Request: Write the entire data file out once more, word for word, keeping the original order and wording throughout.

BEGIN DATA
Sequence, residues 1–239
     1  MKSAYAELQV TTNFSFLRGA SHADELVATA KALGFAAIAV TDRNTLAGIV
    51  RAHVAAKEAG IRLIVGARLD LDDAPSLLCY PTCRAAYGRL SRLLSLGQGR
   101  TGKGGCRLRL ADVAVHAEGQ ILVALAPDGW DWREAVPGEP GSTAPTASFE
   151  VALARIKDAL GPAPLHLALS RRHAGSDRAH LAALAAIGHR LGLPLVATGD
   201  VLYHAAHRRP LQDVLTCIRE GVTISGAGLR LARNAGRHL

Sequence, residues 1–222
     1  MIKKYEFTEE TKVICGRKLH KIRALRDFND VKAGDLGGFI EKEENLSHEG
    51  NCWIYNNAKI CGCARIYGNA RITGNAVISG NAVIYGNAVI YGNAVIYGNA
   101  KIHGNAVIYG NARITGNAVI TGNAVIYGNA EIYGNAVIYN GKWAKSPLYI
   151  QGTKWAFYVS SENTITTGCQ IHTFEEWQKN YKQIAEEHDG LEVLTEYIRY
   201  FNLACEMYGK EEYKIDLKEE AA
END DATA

Sequence, residues 1–239
     1  MKSAYAELQV TTNFSFLRGA SHADELVATA KALGFAAIAV TDRNTLAGIV
    51  RAHVAAKEAG IRLIVGARLD LDDAPSLLCY PTCRAAYGRL SRLLSLGQGR
   101  TGKGGCRLRL ADVAVHAEGQ ILVALAPDGW DWREAVPGEP GSTAPTASFE
   151  VALARIKDAL GPAPLHLALS RRHAGSDRAH LAALAAIGHR LGLPLVATGD
   201  VLYHAAHRRP LQDVLTCIRE GVTISGAGLR LARNAGRHL

Sequence, residues 1–222
     1  MIKKYEFTEE TKVICGRKLH KIRALRDFND VKAGDLGGFI EKEENLSHEG
    51  NCWIYNNAKI CGCARIYGNA RITGNAVISG NAVIYGNAVI YGNAVIYGNA
   101  KIHGNAVIYG NARITGNAVI TGNAVIYGNA EIYGNAVIYN GKWAKSPLYI
   151  QGTKWAFYVS SENTITTGCQ IHTFEEWQKN YKQIAEEHDG LEVLTEYIRY
   201  FNLACEMYGK EEYKIDLKEE AA